|How well do you know your competitive landscape?|
Janine Bastick, Searching division, Wrays Perth
Thinking of investing to develop technology, protecting and patenting a design, trade mark or building upon your IP portfolio? Savvy business executives will conduct a search from the outset because searching initially helps to determine whether your invention, design, or trade mark satisfies the respective requirements for registration or just as importantly it will help you to determine whether its use will infringe any third party rights. Similarly, this should apply when you are considering company brand development activities.
A Patent Search is a valuable tool; it helps you to assess the potential behind various business activities. Specifically, a patent novelty search will identify relevant prior art which will determine the patentability of your invention. Whereas a freedom to operate search will establish whether marketing your particular product will actually infringe upon the rights of others.
Additional to this, the monitoring of competitor activity can reveal competitive threat or opportunities by identifying new technological developments in your particular field, sector. Perhaps you want to simply monitor the progress of a competitor's patent application.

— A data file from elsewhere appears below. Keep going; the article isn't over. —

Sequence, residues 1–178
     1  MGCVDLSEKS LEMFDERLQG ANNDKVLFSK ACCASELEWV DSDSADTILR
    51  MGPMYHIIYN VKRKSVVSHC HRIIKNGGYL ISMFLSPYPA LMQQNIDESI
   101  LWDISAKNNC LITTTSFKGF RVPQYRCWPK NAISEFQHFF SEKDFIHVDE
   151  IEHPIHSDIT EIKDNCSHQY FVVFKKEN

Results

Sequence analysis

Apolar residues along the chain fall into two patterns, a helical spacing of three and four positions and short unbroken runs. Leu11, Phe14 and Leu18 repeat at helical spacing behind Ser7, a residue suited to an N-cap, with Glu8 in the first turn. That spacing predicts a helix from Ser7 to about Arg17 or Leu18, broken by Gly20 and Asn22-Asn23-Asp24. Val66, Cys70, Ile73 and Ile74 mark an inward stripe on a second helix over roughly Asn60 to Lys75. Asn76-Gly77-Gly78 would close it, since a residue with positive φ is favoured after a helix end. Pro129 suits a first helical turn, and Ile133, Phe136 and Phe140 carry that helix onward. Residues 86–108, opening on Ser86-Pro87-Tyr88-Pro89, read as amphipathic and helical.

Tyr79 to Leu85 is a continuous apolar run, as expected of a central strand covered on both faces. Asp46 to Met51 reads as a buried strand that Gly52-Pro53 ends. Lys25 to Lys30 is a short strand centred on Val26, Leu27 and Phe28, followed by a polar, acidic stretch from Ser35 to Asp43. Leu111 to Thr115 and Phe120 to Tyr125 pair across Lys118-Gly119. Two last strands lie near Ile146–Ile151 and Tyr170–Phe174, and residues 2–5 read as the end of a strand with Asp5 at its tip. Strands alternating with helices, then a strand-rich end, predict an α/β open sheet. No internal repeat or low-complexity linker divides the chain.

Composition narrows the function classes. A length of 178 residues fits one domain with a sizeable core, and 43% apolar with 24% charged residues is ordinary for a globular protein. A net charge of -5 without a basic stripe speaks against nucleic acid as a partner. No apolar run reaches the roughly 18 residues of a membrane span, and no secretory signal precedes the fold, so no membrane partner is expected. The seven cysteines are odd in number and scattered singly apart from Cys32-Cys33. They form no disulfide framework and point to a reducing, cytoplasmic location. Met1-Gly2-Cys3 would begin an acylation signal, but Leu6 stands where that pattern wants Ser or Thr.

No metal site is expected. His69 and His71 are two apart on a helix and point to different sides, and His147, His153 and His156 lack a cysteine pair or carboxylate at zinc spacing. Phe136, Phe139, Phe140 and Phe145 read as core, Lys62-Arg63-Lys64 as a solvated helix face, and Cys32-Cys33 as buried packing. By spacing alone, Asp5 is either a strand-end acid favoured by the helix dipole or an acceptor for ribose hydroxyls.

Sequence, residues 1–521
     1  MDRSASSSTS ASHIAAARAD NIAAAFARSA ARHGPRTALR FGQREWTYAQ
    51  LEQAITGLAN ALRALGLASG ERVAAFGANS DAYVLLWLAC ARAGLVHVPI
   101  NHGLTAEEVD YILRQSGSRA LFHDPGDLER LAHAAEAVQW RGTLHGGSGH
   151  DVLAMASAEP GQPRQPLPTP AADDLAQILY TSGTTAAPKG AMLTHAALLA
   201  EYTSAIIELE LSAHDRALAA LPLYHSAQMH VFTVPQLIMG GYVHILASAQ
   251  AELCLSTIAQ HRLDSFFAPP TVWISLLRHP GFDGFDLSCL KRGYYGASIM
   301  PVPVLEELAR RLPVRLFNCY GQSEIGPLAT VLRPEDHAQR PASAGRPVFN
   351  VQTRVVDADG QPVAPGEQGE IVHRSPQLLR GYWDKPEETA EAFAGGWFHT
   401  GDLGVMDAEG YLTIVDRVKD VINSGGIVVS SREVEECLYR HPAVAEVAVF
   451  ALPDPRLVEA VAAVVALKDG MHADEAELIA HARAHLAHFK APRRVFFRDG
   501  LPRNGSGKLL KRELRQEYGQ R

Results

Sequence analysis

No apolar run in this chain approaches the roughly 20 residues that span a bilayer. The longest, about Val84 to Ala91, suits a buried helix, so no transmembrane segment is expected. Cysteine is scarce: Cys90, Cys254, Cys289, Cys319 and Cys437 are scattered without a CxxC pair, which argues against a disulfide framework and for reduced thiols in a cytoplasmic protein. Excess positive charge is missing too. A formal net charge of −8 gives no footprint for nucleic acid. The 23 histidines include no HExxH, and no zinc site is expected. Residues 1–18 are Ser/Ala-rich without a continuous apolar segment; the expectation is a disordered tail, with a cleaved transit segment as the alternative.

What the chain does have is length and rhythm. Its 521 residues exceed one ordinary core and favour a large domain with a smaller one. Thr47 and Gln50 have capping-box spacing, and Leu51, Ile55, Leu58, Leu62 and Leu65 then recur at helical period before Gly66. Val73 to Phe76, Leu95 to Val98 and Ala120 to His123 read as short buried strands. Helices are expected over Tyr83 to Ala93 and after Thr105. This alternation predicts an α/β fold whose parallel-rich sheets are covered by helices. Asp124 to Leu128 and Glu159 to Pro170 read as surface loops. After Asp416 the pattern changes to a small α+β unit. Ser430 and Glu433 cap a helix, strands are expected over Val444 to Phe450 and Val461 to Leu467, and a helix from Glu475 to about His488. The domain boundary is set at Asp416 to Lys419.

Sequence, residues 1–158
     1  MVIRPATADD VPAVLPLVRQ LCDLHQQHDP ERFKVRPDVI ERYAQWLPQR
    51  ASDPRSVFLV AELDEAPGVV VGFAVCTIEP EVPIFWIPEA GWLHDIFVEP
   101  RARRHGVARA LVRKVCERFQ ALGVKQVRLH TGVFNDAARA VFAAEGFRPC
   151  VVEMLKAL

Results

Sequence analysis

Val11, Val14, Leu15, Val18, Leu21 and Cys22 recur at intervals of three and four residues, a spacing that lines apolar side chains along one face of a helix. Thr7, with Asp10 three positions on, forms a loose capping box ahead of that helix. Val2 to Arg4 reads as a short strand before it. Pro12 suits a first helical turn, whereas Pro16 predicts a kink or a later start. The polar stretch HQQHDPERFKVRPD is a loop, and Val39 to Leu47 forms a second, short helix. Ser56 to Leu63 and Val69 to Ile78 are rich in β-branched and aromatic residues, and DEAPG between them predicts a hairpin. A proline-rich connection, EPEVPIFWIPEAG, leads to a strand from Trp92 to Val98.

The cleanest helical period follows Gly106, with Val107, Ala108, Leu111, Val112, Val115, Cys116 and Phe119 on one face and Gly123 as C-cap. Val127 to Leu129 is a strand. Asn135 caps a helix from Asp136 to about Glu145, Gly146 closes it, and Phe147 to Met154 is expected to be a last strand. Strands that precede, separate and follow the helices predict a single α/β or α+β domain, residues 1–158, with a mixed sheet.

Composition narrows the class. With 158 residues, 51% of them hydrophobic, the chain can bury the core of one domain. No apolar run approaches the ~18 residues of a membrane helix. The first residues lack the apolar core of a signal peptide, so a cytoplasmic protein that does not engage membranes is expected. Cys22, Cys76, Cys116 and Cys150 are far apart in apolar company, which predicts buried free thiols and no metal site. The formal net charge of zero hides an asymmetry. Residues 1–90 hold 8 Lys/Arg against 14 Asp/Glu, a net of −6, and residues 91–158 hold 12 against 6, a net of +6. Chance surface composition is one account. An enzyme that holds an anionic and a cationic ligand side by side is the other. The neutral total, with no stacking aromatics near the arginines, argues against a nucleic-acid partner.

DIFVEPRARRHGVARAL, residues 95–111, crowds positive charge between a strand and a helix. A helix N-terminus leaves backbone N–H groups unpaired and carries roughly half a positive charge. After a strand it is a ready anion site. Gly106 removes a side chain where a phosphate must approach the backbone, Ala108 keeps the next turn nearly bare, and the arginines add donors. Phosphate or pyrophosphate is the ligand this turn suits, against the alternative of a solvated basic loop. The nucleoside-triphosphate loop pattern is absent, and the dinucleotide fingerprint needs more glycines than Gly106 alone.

Design registration protects the shape, configuration, pattern or ornamentation which makes your product unique. Searching available designs databases will determine whether your design is new and distinctive, or if it's likely to infringe the existing design rights of others, this saves you not only time and money, but the headache and risk associated with this in the courts.
Trade Marks: Major problems are often caused when another party has independently lodged a trade mark application for the same or a substantially identical trade mark, and yet another trader has begun using the same or a similar trade mark and has already committed to the great expense of printing marketing materials, labels, packaging, web applications etc. Many months down the track and this could have quite simply have been advised during examination of a trade mark application, that not only was there an earlier registration which will prevent your application from proceeding, but highlight early on the potential of infringing on the use of another's trade mark. This all proves to be a very expensive exercise and the frustration and heartache could well have been avoided had you conducted a simple, cost-effective search to begin with.